We celebrate the Lord’s Supper in Early Service the second and fourth Sunday of the month, in Late Service the first and third Sunday of the month, and in both services on Fifth Sundays and special occasions.
In 1 Corinthians 10 Paul argues we become participants of the altar at which we fellowship. We usually do not have to concern ourselves with those participating with demons, which Paul specifically cites, but we do have the question of differing confessions. The altar where you regularly commune defines your public confession of faith. While receiving the body and blood of Christ is a personal matter, it is never private. The very act, as Paul says, is a public confession of faith and joins you to those you are communing with. To insist that it is private denies the very notion of “communion.” So to commune at an altar which does not share your public confession of faith does not build up but serves to cause confusion and create division.
As Paul continues into chapter 11, he speaks of this division among the Corinthians and declares that because of their division they are not receiving the Lord’s Supper to their benefit. They are instead treating the Lord’s Supper as a meal to fill the belly only. So Paul rebukes them and says he delivered to them what he himself received from the Lord: that Christ gives His own body and blood in this meal for the forgiveness of sins. Whoever then eats the bread and drinks the cup in an unworthy manner is guilty concerning His body and blood. Therefore we do not treat the Lord’s Supper lightly, but with holy reverence and discernment. The Lord Himself is at working in the meal both forgiveness and judgement. If we say, then, that the confession of faith at any given altar does not matter we are denying the very essence of the meal, just as the church at Corinth was doing.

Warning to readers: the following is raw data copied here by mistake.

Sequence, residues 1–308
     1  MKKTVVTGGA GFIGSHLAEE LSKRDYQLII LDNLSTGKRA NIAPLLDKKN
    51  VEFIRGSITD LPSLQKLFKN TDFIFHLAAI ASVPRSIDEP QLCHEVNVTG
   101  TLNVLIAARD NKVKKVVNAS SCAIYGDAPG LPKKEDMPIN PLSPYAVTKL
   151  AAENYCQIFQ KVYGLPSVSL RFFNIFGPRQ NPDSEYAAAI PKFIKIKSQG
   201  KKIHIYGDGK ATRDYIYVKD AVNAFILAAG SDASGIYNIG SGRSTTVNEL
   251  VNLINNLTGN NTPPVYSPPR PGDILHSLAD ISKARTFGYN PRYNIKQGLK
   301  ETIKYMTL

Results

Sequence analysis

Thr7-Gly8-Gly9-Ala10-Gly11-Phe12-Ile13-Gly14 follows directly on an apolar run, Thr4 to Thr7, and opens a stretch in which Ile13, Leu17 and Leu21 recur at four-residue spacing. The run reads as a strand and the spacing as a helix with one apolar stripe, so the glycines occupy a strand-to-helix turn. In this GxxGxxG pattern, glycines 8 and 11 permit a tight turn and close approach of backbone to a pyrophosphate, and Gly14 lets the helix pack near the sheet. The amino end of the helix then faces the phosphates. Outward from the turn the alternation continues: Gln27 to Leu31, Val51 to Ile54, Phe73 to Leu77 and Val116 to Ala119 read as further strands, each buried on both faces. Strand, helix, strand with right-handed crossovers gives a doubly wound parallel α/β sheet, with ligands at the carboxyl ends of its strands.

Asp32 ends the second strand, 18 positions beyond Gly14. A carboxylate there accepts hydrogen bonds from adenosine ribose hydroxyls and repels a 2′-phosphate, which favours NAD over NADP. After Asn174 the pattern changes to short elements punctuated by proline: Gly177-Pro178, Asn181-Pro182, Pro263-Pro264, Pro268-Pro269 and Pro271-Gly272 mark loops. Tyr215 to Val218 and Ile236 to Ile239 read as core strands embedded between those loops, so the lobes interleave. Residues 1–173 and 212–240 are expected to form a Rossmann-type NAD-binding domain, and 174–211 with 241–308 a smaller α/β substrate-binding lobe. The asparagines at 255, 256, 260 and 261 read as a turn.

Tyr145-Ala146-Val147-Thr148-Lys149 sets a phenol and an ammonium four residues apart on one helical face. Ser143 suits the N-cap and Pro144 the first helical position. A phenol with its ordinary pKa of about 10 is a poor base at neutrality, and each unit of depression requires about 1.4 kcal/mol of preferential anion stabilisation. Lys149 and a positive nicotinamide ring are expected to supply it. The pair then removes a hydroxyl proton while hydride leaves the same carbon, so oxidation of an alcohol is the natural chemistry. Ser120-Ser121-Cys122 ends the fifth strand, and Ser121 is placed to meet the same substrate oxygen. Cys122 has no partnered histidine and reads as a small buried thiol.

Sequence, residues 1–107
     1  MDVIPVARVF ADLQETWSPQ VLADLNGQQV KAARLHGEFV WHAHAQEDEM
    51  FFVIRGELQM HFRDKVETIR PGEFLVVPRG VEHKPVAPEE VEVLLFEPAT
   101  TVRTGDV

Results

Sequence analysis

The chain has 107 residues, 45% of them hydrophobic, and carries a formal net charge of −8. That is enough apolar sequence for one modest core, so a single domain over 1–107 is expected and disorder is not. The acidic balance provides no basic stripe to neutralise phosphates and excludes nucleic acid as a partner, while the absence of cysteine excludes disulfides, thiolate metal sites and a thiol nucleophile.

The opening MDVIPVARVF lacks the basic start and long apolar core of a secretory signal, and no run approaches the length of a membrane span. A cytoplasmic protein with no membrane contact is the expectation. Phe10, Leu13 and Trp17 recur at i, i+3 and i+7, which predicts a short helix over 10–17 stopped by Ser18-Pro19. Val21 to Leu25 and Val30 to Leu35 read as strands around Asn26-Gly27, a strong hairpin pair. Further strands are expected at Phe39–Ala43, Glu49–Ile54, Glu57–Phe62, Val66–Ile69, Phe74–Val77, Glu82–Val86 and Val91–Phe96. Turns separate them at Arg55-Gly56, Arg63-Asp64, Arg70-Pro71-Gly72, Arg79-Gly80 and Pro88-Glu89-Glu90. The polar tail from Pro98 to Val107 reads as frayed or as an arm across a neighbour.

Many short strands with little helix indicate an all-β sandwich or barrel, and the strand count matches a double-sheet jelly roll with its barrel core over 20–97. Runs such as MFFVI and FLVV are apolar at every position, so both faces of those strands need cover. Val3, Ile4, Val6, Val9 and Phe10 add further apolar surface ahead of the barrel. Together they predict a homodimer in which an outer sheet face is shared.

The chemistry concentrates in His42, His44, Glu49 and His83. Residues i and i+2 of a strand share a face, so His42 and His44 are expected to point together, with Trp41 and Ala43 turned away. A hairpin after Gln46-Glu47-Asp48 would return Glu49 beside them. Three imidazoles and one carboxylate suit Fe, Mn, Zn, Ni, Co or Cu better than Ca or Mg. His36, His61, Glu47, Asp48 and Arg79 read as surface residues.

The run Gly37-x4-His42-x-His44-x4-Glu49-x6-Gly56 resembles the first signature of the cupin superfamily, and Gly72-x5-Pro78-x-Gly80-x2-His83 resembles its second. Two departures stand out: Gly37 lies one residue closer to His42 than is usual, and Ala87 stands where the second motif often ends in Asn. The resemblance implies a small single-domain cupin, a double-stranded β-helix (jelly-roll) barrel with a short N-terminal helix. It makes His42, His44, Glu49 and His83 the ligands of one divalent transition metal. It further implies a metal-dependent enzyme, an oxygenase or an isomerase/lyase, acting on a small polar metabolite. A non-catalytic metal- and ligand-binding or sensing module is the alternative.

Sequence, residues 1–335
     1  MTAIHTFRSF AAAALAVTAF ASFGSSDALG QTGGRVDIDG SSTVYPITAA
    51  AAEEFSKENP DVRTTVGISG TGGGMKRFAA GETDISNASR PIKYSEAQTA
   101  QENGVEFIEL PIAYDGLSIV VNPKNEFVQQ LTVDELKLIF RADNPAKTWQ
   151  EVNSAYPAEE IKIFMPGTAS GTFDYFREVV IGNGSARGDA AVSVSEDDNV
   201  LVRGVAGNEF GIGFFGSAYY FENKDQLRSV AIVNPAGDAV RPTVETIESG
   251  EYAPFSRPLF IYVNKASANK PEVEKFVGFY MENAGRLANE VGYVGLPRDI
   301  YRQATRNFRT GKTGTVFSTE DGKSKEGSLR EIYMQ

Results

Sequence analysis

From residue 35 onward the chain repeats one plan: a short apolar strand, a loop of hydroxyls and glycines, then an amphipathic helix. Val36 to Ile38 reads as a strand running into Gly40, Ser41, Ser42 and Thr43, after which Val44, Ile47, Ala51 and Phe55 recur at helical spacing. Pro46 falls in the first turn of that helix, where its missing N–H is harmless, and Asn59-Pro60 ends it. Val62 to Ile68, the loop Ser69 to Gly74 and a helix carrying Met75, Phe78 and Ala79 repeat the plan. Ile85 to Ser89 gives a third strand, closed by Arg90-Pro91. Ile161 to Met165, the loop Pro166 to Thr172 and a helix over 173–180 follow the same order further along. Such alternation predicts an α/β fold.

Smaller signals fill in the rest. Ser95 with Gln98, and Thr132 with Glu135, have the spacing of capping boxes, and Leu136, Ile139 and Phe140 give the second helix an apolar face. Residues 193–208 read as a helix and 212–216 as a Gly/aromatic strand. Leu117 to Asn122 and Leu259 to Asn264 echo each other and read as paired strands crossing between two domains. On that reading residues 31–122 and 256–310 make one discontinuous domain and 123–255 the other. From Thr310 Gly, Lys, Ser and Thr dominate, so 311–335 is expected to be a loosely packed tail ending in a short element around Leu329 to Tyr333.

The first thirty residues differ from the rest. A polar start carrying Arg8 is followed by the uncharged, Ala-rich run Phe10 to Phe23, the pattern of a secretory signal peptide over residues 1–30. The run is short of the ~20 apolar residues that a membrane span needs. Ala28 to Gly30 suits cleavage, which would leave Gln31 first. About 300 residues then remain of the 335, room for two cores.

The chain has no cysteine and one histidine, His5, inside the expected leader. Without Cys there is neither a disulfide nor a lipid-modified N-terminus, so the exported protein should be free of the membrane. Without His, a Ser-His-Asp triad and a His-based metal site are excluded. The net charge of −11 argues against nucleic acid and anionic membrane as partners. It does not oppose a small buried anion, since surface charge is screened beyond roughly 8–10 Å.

Paul then instructs us to examine ourselves before we eat and drink to determine if it is beneficial for us to receive the Lord’s Supper at this altar. The first criteria is to consider that altar’s confession of faith. Does it agree with your own public confession? If so, then you may move on to the second criteria. If not, then it is not appropriate for you to commune at this altar. The second criteria is to examine your own heart. Do you know that you are a sinner in need of God’s grace? If so then it is appropriate to commune at this altar.
For this reason, we make us of the practice of close(d) communion. A pastor cannot look into your heart (the second criteria of being worthy) and can only look at your public confession (the first criteria of being worthy). To ask a pastor to commune you who does not share in your confession of faith is to ask a pastor to sin against the Lord’s body and blood himself by using his own hands, which are called to administer the Sacrament for the forgiveness of sins, to instead misuse the Sacrament and bring condemnation and judgement down upon the both of you, for the pastor is head accountable to God for how he acts within the ministry given to him. While there may be exceptions made out of pastoral care to our practice of closed communion, it is reserved for extraordinary and emergency circumstances. Therefore, we ask that you speak with our pastor before communing at our altar, and if you do not share in our confession of faith (LCMS or partner church body) please respect our doctrine and our practices and refrain from approaching the altar. Instead, we ask you to join with us in our prayer for the day when the Lord returns and all divisions will cease.